Italian's release raises hopes for French hostage

6th March 2005, Comments 0 comments

PARIS, March 5 (AFP) - France hailed Saturday the release of Italy's Giuliana Sgrena as a "good omen" for its correspondent Florence Aubenas, missing in Iraq for two months and seen only once in a video begging for help.

PARIS, March 5 (AFP) - France hailed Saturday the release of Italy's Giuliana Sgrena as a "good omen" for its correspondent Florence Aubenas, missing in Iraq for two months and seen only once in a video begging for help.

"This gives me a lot of hope and, above all, it gives me great satisfaction to see that things are moving," Benoit Aubenas, the father of Liberation reporter Florence Aubenas, said Saturday.

"I see in this an extremely positive sign toward the upcoming release of Florence and her guide," he said.

Aubenas, who went missing on January 5, has been seen only once since, in a video broadcast on Tuesday in which she begged for help and warned she was in a "bad way".

The French foreign ministry welcomed Sgrena's liberation late Friday and renewed its appeal for the release of the Aubenas and her Iraqi translator Hussein Hanun al-Saadi "as soon as possible," said ministry spokesman Herve Ladsous.

French President Jacques Chirac on Saturday telephoned Aubenas' mother Jacqueline to discuss the situation of the French hostage and give a "message of solidarity," his office said.

Jacqueline Aubenas said the French President had been "very encouraging" and had assured her that "all forces have been mobilised" to achieve the release of her daughter and her translator.

Aubenas also said the release of the Italian journalist was a positive sign.

"I think that it's a positive move and my only wish is that Florence and Hussein will benefit from it as soon as possible," she said.

Serge July, the editor of Aubenas' left-wing daily Liberation, said Sgrena's release was "a good omen for Florence Aubenas."

July said he believed the situation of Florence Aubenas "is relatively simpler" than that of the Italian journalist "because there is not this political constraint as with Italy, which is at the heart of the coalition with the United States" in Iraq.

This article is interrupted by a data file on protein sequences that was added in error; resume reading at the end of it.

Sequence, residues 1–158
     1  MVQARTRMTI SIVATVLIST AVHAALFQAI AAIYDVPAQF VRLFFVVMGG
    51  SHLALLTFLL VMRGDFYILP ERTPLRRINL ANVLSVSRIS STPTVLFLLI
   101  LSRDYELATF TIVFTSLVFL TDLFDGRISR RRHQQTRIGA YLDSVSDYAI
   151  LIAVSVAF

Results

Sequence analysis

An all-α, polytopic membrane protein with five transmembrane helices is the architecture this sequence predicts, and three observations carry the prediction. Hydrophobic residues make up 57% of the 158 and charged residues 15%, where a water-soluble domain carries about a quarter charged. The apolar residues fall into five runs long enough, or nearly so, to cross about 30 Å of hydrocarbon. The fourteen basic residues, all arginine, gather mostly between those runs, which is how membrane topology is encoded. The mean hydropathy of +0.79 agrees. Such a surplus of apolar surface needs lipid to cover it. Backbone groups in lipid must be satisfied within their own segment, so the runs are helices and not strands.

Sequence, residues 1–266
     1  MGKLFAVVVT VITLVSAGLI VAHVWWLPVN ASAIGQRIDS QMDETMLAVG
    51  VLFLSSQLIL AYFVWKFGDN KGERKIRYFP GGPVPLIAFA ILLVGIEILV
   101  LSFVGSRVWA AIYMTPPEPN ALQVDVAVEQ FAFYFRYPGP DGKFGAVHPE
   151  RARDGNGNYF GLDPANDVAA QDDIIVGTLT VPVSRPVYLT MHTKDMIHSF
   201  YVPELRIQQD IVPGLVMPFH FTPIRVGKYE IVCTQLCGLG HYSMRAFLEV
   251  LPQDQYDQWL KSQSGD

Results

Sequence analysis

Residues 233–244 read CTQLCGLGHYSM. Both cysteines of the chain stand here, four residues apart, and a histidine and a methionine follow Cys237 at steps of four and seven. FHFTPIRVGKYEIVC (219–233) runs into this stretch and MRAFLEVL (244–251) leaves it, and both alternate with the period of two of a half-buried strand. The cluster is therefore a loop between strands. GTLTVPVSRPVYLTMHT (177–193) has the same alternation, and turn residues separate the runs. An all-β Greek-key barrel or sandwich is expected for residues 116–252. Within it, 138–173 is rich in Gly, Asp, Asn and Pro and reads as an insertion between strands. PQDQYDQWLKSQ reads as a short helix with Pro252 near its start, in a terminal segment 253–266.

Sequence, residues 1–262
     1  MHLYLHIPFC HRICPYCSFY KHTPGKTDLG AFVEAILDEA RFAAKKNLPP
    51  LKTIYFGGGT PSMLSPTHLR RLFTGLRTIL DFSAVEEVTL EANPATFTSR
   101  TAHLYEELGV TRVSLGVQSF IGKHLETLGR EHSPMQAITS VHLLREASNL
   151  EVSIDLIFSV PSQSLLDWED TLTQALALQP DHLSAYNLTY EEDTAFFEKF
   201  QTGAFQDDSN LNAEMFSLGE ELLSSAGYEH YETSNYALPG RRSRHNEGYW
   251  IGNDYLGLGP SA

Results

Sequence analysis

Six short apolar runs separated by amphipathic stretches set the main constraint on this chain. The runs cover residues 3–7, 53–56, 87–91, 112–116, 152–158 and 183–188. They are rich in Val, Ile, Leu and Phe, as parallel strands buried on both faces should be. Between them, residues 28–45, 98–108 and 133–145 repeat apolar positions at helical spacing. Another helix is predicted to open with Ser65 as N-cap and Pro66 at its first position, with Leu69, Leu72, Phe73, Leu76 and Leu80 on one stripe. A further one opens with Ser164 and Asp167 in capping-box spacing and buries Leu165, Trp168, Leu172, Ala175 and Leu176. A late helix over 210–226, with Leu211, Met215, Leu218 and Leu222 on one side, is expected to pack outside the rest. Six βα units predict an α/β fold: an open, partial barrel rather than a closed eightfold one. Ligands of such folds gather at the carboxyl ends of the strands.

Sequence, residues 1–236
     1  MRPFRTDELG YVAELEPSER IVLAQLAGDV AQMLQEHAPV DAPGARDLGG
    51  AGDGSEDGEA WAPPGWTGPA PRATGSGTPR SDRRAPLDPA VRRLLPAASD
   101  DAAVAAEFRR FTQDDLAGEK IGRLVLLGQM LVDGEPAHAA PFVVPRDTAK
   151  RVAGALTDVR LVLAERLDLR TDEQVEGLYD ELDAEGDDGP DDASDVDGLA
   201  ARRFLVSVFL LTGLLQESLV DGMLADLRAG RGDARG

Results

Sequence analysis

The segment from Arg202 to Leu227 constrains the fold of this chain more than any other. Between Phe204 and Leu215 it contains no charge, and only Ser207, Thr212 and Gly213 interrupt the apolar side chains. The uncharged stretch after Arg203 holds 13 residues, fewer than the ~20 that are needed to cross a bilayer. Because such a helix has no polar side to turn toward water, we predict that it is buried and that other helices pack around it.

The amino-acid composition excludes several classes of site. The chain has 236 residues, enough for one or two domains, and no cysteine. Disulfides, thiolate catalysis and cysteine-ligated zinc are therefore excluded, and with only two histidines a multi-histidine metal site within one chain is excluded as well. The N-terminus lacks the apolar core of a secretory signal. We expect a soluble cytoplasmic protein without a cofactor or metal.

Both Aubenas' family and newspaper have said they believe she is being held by criminals for ransom.

Sgrena returned home Saturday, hours after US troops wounded her in a shooting incident near Baghdad airport in which an Italian secret agent was killed.

The 56-year-old reporter of the leftist daily Il Manifesto was kidnapped on February 4 by an Iraqi group which called on Rome to withdraw its troops from Iraq.

Berlusconi's centre-right government rejected the demand, and used its majority to ensure the Italian Senate voted to extend the mission of Rome's 3,000 troops in Iraq.

Just as Italians took to the streets demanding Sgrena's liberation, France has rallied to see Aubenas freed from her captors. Two French reporters held hostage in Iraq were freed in December.

The foreign editor of Liberation, Francois Sergent, said Saturday that demonstrations played an essential role in leading to journalists' release.

"I know that Florence and Hussein can hear them. These are life insurances, shields that protect them against being forgotten," he said at a meeting with Aubenas' father at the press club of the southern French city of Montpellier.

Robert Menard, the head of Reporters Sans Frontieres (Reporters Without Borders, RSF), a Paris-based international journalists' rights group, said Friday he was "extremely happy and moved" by Sgrena's release.

The group on Saturday urged the United Nations to conduct an urgent probe into the shooting of Sgrena's convoy.

© AFP

Subject: French News

0 Comments To This Article